The New South Wales (NSW) Resources Regulator is investigating potential work health and safety breaches after three workers were diagnosed with possible dust disease. Two workers have been diagnosed with pneumoconiosis and one is said to have an unconfirmed case after receiving health screenings required under the state’s work health and safety (WHS) framework, according to NSW Resources Regulator Chief Inspector Garvin Burns.
“One case relates to a current worker in his 60s who was largely employed in Queensland open-cut mines for over 40 years before moving to a NSW open-cut coalmine in recent years,” Burns said. “The second case relates to a current worker in his 40s who spent about 10 years in NSW South Coast coalmines before spending the last few years in the tunnelling industry and only recently returned to the coalmining industry.”
The third, unconfirmed, case relates to a “current worker in his 40s” who “worked in an underground mine for the past nine years and is not known to have worked in any other jurisdictions or high-risk industries”, Burns said. “These detections demonstrate why it is critical that NSW mine and quarry operators have robust controls in place to reduce the risk of exposure to airborne contaminants. We are closely examining each case for potential work health and safety breaches and identifying any opportunities to further strengthen the regulatory scheme,” Burns said.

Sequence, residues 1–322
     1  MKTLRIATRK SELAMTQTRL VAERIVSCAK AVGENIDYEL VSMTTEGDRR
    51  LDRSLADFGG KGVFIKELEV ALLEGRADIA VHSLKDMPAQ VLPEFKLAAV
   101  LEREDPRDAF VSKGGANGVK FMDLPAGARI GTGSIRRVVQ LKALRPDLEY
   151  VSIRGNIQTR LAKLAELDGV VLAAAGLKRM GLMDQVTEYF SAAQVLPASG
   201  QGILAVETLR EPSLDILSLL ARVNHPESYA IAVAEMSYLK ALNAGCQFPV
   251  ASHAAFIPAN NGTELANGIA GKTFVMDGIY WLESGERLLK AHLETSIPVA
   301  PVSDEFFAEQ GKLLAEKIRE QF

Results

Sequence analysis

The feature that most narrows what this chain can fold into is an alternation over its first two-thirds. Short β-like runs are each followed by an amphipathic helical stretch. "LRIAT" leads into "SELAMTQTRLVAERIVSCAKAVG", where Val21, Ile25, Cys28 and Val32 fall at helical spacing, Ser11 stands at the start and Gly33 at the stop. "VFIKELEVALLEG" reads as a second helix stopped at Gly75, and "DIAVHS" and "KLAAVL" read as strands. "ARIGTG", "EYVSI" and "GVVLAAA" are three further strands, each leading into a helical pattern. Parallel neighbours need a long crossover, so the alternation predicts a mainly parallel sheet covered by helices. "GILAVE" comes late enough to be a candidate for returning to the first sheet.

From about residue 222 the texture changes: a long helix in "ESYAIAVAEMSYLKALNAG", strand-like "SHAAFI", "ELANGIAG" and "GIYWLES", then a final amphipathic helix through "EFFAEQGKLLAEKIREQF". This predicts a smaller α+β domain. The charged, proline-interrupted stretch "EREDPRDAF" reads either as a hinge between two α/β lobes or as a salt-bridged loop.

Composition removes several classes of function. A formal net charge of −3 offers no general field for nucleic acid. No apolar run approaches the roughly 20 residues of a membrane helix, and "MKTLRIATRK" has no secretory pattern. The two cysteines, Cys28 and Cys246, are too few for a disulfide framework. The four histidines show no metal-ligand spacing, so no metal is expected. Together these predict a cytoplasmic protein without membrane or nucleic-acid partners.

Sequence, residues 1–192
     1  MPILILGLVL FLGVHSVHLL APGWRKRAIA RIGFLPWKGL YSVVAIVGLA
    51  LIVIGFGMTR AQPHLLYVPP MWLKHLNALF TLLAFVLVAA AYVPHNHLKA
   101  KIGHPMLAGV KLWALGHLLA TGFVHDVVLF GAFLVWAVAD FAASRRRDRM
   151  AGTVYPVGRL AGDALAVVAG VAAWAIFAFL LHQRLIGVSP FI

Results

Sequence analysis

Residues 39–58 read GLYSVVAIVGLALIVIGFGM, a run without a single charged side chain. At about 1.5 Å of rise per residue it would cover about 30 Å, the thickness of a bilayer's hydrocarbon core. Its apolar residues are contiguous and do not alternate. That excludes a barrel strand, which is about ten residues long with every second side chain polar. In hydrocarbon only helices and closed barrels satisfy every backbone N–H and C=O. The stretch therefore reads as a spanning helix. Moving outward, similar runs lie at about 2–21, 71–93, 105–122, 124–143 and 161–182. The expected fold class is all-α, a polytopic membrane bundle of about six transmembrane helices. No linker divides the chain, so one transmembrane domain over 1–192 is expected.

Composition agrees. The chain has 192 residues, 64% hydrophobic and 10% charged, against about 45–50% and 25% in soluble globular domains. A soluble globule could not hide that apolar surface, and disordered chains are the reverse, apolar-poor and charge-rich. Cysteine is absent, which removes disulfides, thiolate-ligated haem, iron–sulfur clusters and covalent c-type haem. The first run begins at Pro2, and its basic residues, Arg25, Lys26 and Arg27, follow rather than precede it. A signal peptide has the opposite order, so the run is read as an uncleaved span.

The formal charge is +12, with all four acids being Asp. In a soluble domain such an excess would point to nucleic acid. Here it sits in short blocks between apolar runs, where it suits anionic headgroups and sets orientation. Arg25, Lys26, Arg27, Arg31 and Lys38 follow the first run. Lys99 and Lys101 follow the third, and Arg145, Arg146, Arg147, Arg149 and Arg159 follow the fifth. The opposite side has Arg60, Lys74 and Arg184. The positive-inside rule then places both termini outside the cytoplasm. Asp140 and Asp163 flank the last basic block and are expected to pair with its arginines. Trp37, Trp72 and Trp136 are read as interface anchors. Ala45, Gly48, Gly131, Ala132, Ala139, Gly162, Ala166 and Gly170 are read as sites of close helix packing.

Over the past 12 months, the NSW Resources Regulator has conducted 45 targeted assessments and inspections at NSW mines and quarries as part of a major compliance campaign to ensure appropriate dust controls were in place to minimise workers’ exposure risk, it said. The NSW Resources Regulator has also supported Safe Work Australia’s recommendation to reduce the Australian Workplace Exposure Standard for respirable coal dust from 2.5 to 1.5 mg/m3 and respirable crystalline silica from 0.1 to 0.05 mg/m3.
Employers should encourage current and former NSW coal workers to contact Coal Services Health on (02) 6571 9900 to arrange a medical if they have any concerns over their wellbeing, the NSW Resources Regulator advised.
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